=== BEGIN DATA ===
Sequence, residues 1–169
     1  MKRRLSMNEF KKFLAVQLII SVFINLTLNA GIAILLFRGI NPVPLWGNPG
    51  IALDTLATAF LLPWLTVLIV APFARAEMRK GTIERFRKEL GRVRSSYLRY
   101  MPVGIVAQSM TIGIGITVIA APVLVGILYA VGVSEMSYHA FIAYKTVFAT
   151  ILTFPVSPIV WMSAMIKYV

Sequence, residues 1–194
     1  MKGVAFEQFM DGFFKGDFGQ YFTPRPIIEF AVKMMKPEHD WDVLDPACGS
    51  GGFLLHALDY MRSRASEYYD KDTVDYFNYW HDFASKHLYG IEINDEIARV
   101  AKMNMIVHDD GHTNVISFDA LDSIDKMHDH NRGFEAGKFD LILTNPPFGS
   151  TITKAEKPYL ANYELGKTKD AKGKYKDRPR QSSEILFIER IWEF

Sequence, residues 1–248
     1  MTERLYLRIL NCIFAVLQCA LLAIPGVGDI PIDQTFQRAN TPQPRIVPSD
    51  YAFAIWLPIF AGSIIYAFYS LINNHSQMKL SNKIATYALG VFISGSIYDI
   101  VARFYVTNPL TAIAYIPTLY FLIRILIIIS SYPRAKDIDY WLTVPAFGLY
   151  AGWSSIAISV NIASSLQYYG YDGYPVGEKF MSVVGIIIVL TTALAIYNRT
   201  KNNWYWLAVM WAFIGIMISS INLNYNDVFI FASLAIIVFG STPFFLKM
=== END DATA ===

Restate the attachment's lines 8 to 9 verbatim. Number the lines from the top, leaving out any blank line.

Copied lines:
    51  GGFLLHALDY MRSRASEYYD KDTVDYFNYW HDFASKHLYG IEINDEIARV
   101  AKMNMIVHDD GHTNVISFDA LDSIDKMHDH NRGFEAGKFD LILTNPPFGS